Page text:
RATA
(Garcinia dulcis)

 

A tree of rata

 

 

 

Family: Culusiaceae

Other names: Gourka, mundu

 

Rata is a native of the Philippines and Indonesia.  Some botanists are, however of the view that it originated in Thailand.  It grows all over South East Asia.

          It is a medium-size tree with an upright growth habit and a cone-shaped canopy. The leaves are shiny green, reddish when young. These traits make also make rata a lovely ornamental. The fruit is yellow, thin-skinned and pleasnt to eat.

Description:

Evergreen tree, up to 13 m tall with short trunk and brown bark, latex white, turning pale brown on exposure, latex in fruits yellow; twigs thick, four-angled, usually finely hairy.

 

Fruits of rata

 Leaves ovate to oblong-elliptic, 10-30 cm x 3.5-14 cm, pale green when young, dark green and shiny above, often hairy on underside; midrib prominent, vein lets numerous, parallel, short; petiole thick, up to 2 cm long.

Flowers axillary, yellow-white, with sour smell, 5-merous; male flowers in small clusters, very small, about 6 mm wide, female flowers 12 mm wide, pedicel 1.5-3 cm long, stigma 5-lobed.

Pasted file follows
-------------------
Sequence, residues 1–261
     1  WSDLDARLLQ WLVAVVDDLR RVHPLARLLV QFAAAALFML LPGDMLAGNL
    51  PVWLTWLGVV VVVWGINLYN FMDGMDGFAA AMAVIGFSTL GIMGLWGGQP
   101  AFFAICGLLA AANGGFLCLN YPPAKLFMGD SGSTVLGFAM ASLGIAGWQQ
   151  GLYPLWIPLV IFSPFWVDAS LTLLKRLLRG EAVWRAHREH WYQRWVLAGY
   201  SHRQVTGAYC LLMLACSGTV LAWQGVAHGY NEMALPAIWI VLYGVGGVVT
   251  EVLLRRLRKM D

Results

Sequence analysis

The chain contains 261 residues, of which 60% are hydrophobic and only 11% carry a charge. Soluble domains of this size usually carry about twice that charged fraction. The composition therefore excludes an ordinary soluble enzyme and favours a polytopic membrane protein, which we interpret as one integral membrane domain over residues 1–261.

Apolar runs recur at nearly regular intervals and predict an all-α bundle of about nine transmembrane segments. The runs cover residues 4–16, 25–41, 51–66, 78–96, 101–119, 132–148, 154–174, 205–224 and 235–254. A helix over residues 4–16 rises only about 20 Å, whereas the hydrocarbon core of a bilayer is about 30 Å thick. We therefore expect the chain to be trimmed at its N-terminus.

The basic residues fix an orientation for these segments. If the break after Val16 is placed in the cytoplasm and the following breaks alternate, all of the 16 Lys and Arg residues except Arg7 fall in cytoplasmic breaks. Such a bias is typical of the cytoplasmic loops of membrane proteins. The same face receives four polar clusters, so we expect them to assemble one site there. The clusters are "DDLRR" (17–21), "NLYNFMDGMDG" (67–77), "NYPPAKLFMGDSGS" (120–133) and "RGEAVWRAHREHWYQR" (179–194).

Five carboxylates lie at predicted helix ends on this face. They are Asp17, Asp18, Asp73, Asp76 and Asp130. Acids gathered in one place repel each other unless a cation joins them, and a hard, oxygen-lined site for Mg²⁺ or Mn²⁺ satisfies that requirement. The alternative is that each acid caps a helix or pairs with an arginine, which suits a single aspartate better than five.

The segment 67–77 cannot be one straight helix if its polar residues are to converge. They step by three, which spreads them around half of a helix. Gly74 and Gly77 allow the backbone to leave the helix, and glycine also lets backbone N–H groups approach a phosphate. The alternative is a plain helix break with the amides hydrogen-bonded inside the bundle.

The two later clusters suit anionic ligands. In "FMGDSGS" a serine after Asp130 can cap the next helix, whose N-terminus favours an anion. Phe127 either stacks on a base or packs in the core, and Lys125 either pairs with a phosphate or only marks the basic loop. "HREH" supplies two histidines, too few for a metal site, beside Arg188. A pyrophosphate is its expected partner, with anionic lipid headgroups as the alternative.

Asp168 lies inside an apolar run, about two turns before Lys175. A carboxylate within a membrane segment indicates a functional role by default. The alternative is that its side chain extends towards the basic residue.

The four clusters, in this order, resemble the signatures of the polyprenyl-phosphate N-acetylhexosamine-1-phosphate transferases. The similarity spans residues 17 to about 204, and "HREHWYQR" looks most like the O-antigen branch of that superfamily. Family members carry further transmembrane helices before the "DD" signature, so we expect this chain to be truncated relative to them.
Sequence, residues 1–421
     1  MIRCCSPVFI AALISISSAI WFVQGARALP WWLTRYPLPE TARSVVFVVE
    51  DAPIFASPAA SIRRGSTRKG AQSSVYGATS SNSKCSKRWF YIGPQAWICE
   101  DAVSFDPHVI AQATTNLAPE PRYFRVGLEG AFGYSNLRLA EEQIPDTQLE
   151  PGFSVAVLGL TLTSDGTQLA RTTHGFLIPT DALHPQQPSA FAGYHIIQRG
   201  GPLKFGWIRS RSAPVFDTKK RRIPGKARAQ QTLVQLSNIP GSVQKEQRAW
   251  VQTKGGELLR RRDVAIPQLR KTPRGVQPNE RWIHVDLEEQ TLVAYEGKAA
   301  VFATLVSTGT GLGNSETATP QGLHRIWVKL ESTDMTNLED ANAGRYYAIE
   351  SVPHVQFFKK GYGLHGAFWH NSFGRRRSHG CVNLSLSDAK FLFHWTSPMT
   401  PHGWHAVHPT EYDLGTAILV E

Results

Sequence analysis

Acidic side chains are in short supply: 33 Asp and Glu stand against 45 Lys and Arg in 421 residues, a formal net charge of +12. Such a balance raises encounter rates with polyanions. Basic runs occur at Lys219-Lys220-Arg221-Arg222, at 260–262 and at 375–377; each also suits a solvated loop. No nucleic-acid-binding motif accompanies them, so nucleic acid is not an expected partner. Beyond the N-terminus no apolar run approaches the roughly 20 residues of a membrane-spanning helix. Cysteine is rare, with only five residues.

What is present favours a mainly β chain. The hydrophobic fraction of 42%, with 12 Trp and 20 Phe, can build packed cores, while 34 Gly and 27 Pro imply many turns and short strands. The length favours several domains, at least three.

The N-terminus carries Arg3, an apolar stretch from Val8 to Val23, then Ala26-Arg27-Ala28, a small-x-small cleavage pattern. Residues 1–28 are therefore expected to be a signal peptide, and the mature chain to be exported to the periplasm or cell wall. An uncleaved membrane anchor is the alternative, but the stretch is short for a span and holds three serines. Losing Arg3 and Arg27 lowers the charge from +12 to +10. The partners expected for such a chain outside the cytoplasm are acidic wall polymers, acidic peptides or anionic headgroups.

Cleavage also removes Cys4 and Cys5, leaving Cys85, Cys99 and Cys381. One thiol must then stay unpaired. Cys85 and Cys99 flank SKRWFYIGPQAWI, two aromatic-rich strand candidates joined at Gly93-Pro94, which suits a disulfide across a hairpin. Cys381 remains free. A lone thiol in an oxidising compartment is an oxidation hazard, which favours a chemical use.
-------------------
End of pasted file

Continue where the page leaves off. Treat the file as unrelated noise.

Fruits globose, 5-8 cm wide, slightly pointed, often rather compressed, crowned by the persistent stigma; skin thin and soft, light yellow. Seeds 1-5, brown, about 2.5 cm long, surrounded by pale yellow pulp.

Utilization:

The fruits can be eaten fresh.  Though they taste sour but are still pleasant to eat.  The flesh has a butter like consistency.   The fruits also make excellent jam.

Rata fruits on tree

In Java and Singapore pounded seeds are applied to cure swellings.

In Java the bark is used to dye mats.

Cultivation:

Rata is not cultivated as an orchard fruit but is planted in gardens as a specimen plant.  It is easily propagated by seed.  New plants can also be raised by air layering.

 

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